British Colonial Blood Banks: Transfusing Blood and Racial Science Ideologies in Colonial Kenya (1930s-1950s) Open Access

Dantzler, Alexa Victoria (2017)

Permanent URL: https://etd.library.emory.edu/concern/etds/jh343t09d?locale=en
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Abstract

This thesis explores the intersection of race, empire, medicine and pseudoscientific ideology during the height of British rule in colonial Kenya from the 1930s to the 1950s. British scientists and physicians moved to colonial Kenya and brought with them new life-saving European scientific technologies, such as blood transfusions. They also brought with them widely accepted racial scientific ideologies that influenced medical experimentation expeditions to find empirical biological evidence for the hierarchy of race. These scientific ideologies quickly influenced the deliberate racialization of blood transfusion services that reflected the highly racialized order of colonial Kenyan society segregated into communities of Europeans, Africans, and Asians (Indians). Each racial group had access to its own blood bank, yet not all blood banks functioned equally. Using primary sources, I illustrate how the highly racialized nature of blood banks diminished the life-saving power of blood transfusion technologies by putting the health of patients at risk. Additionally, I explore how British colonial medical authorities justified the segregation of colonial blood banks using pseudoscientific evidence and rhetoric from the eugenics movement (which began in Kenya in the 1930s). This pseudoscientific research sought to prove African "backwardness" and European racial superiority while legitimizing British occupation in colonial Kenya and facilitating the racial agenda of the British colonial empire. Finally, I argue the racialization of blood banks defeated the humanitarian role of the British physicians who came to practice medicine in colonial Africa.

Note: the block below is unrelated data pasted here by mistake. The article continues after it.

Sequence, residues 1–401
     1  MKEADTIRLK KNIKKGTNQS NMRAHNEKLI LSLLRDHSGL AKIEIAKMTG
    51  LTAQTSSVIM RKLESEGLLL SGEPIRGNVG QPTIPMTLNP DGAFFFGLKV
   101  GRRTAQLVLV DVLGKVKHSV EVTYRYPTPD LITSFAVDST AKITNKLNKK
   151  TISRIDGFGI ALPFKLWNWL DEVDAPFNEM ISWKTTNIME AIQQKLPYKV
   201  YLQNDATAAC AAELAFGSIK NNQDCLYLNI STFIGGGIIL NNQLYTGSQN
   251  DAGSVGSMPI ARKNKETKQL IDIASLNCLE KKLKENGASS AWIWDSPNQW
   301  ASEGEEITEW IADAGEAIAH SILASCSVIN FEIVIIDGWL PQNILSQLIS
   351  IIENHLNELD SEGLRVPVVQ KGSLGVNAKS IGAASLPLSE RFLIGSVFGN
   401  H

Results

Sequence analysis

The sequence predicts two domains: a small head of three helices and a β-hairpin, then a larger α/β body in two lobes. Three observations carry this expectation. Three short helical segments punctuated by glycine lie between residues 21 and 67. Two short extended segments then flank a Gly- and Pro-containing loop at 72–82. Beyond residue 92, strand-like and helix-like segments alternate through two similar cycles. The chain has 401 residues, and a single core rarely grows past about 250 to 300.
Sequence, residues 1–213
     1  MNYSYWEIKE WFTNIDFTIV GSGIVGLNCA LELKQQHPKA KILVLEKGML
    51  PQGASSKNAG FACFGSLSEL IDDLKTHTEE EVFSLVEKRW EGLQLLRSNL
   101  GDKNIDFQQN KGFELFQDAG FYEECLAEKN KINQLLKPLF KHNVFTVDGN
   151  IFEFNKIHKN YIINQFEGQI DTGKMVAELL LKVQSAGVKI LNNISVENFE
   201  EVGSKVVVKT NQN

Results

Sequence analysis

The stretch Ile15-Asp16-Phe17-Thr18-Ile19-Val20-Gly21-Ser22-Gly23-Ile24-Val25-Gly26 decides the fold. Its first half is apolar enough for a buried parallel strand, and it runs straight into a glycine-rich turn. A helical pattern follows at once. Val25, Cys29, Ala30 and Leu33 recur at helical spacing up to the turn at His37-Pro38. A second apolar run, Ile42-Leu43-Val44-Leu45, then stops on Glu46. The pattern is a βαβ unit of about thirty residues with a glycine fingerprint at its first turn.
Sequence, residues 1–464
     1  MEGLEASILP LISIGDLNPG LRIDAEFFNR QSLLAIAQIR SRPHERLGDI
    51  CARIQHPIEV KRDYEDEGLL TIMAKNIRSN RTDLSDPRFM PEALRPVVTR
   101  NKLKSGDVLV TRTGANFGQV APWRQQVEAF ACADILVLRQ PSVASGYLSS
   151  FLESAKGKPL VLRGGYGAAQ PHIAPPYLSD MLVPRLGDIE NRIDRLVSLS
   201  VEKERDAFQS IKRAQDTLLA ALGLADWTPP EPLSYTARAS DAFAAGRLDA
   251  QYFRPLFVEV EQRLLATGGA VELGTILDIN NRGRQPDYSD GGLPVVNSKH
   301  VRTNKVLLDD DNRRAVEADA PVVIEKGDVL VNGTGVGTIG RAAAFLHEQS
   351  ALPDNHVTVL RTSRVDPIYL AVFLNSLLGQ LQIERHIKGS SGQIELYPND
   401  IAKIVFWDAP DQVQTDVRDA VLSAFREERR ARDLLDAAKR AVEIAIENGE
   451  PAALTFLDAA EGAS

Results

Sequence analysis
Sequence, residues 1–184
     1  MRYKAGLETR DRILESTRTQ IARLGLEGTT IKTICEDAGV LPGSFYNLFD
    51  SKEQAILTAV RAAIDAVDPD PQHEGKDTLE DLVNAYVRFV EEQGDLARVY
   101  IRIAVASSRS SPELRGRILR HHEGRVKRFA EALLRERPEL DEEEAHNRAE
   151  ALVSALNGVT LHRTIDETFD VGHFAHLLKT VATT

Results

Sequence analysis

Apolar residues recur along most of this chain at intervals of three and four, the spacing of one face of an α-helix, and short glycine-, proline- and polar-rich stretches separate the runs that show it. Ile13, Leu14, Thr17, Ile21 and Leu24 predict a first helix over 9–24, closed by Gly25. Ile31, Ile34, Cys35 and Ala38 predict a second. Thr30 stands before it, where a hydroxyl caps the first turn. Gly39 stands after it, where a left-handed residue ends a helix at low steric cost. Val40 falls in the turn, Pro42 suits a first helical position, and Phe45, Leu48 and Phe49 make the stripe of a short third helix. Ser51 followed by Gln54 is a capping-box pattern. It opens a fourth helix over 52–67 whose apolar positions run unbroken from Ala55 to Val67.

Table of Contents

  1. Chronology
  2. List of Figures
  3. Introduction
  4. The Origins of the State and Race in Kenya
  5. White Settlers' Encounter with Tropical Disease
  6. The Origins and Transition of Racial Science from Europe to Africa
  7. Pseudoscience Justified Racial Science
  8. The Racialization of Colonial Blood Banks
  9. Challenges in the Operation of Racial Blood Banks
  10. Plans for an Interracial Blood Bank
  11. Conclusion
  12. Afterward
  13. Bibliography

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